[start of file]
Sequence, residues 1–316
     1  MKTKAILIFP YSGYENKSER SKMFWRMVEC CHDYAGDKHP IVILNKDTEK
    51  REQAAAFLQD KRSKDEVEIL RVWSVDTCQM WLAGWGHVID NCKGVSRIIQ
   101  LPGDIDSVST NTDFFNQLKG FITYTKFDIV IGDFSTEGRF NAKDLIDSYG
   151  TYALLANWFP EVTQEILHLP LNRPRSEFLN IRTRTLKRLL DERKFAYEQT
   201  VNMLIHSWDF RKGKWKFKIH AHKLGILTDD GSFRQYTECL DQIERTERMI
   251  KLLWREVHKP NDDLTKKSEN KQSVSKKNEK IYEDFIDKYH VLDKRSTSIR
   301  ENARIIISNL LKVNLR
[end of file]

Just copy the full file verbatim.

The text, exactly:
Sequence, residues 1–316
     1  MKTKAILIFP YSGYENKSER SKMFWRMVEC CHDYAGDKHP IVILNKDTEK
    51  REQAAAFLQD KRSKDEVEIL RVWSVDTCQM WLAGWGHVID NCKGVSRIIQ
   101  LPGDIDSVST NTDFFNQLKG FITYTKFDIV IGDFSTEGRF NAKDLIDSYG
   151  TYALLANWFP EVTQEILHLP LNRPRSEFLN IRTRTLKRLL DERKFAYEQT
   201  VNMLIHSWDF RKGKWKFKIH AHKLGILTDD GSFRQYTECL DQIERTERMI
   251  KLLWREVHKP NDDLTKKSEN KQSVSKKNEK IYEDFIDKYH VLDKRSTSIR
   301  ENARIIISNL LKVNLR